From ideas to reality, students at Yale are changing the way small intestine transplant procedures are performed.
Tag "Public Health"
Recent studies in the field of microbiology have overturned prior beliefs on the mechanism of action of antibiotics. These findings hold promise for the future development of antibiotic drugs for combatting the rise in superbugs worldwide. But first, the mystery surrounding antibiotics must be solved.
The Hacking Health @ Yale event in October brought students and professionals together to produce solutions for current issues in healthcare.
Johannesburg, South Africa: lightning strikes a 9-year-old brother and his sister who had gone out to play. The boy dies in transit to the hospital; the toddler girl is blinded. The same storm destroyed six houses and damaged another 36.
A study conducted in Oregon reveals that Medicaid increases emergency room visits. Yale Professor of Public Health Howard Forman discusses the effects this could have on healthcare delivery models.
The Bill and Melinda Gates Foundation has announced a competition to develop the Next Generation Condom that significantly preserves or enhances pleasure, in order to improve uptake and regular use.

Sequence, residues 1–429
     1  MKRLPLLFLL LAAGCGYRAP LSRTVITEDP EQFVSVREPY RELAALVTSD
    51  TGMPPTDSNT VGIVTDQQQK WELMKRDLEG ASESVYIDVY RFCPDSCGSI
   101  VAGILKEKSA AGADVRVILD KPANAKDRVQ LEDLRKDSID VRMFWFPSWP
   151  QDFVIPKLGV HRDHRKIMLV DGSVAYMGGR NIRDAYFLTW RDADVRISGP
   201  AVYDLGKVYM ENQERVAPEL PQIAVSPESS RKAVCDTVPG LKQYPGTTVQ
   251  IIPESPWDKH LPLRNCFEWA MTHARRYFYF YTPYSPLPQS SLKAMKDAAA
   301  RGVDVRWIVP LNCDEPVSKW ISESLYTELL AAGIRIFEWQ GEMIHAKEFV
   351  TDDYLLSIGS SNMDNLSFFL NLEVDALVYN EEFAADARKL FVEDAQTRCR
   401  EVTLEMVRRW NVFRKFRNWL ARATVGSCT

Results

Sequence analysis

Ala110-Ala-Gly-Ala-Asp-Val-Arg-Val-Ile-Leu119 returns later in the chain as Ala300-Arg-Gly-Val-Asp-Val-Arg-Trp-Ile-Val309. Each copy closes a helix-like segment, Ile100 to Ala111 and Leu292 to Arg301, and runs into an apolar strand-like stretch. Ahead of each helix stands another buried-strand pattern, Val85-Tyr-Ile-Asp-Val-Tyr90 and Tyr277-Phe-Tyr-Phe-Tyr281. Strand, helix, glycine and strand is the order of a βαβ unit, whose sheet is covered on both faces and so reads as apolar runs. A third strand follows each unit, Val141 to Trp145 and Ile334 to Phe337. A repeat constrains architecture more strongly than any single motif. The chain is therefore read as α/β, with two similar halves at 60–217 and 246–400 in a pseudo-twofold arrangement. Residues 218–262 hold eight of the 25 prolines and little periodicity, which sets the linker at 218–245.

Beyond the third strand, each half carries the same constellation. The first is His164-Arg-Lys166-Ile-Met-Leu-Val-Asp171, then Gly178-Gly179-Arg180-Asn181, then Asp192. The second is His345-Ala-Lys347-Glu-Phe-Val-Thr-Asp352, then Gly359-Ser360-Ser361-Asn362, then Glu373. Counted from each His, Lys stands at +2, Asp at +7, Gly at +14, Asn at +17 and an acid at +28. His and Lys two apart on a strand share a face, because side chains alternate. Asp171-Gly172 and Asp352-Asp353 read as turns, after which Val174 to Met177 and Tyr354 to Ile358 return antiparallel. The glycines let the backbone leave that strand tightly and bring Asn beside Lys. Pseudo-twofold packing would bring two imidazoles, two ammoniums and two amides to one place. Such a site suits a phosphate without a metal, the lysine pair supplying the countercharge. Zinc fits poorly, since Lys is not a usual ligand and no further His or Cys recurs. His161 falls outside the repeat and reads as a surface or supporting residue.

Reusing potentially contaminated syringes continues to be one of the principal methods of HIV transmission, yet thousands continue to pull the trigger. Yale Professor Robert Heimer travelled to Russia to find out why.
Researchers at the Yale Rudd Center for Food Policy & Obesity are studying the public health effects of energy drink consumption. They have raised concerns about increasing advertisement toward youth and the limited regulations of manufacturers’ ingredient reporting practices.
Results from a 2012 survey by the Community Alliance for Research and Engagement (CARE) indicate that New Haven residents of under-resourced neighborhoods are demonstrating healthier habits than in the past.
Do Lone Wolves Fall Faster? A study on social isolation, loneliness, and mortality rates in the elderly
While the deaths of many elderly individuals result from a lack of assistance during emergencies, scientists suggest that severe loneliness has a more significant influence on elderly mortality rates. Can living alone really make you die sooner?